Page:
What you need to know:
The possibility of expiring tax cuts combined with mandatory reductions in federal spending at year end have prompted observers to warn that the US faces a “fiscal cliff” over which the economy might well plunge into another recession. If Congress fails to reach an agreement that avoids the cliff, corporations could see recent stock price improvements wiped out, and plaintiffs’ lawyers are sure to bring shareholder claims alleging that companies did not adequately disclose or otherwise account for this risk.
What you need to do:
Public companies should assess their exposure to the fiscal cliff and, if it is deemed to be a material risk to a company’s future results, factor the relevant trends and uncertainties in a meaningful way into earnings guidance, 1934 Act reports and other public filings and statements to investors—especially during the current quarterly reporting season.
The Fiscal Cliff
Absent Congressional intervention, automatic tax and spending cuts taking effect in late 2012 and early 2013 are expected to cut the federal budget deficit by $607 billion, or approximately 4 percent of Gross Domestic Product between FY 2012 and FY 2013.
First, the so-called “Bush era” tax cuts are scheduled to expire on December 31, 2012, raising all income tax rates, with the top rate climbing from 35 percent to 39.6 percent. In addition, rates on estate and capital gains taxes are scheduled to rise. Also, millions more taxpayers will be subject to the alternative minimum tax. The Social Security payroll tax holiday will also expire at year end, hiking that rate from 4.2 percent to 6.2 percent.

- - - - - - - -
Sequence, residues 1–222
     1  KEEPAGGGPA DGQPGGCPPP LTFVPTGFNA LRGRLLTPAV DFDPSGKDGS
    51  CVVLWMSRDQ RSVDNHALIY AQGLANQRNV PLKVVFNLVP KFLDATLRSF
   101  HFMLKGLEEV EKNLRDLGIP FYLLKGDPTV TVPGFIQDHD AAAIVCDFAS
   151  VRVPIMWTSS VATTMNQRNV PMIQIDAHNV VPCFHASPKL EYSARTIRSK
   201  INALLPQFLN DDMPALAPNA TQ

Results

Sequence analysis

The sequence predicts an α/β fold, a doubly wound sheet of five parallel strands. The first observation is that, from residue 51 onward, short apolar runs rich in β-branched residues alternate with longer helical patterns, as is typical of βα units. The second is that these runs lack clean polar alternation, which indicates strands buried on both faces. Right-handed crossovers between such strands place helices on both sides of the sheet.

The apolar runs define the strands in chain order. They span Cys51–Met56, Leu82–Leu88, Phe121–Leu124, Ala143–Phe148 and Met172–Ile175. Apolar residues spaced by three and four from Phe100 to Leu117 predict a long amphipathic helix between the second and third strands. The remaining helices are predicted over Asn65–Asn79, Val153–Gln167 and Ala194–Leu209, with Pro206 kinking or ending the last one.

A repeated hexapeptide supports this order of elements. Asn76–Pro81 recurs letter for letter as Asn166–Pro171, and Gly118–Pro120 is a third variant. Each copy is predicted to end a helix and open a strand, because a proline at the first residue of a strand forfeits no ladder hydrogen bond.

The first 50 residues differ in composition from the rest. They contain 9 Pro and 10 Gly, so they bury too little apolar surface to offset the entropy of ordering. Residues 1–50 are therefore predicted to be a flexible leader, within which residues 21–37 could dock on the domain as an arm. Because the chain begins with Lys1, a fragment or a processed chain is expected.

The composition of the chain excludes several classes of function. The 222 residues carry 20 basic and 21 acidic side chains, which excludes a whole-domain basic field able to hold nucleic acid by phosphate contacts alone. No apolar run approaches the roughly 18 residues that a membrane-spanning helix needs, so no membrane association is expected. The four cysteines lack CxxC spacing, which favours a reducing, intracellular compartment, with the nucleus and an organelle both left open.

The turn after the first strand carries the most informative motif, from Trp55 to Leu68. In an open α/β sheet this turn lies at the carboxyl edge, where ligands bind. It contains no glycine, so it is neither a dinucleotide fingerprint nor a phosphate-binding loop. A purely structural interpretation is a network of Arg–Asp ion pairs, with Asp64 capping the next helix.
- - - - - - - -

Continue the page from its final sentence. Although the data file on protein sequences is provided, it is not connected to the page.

Second, big spending cuts are on the horizon. The Budget Control Act of 2011, or “sequestration,” will kick in on January 2, 2013 because a Congressional budget “supercommittee” failed to agree on a deficit reduction plan. The Budget Control Act mandates annual cuts of $109 billion per year from 2013 to 2021, with half coming from the national defense budget (approximately 70 percent of mandatory spending is exempt). Eligibility for federal unemployment benefits, last extended in February 2012, will expire. And the federal government will cut the rates at which Medicare pays physicians by nearly 30 percent on December 31, 2012.
Finally, the federal government may hit the debt limit sometime in early 2013, which could further alarm investors and raise the government’s borrowing costs.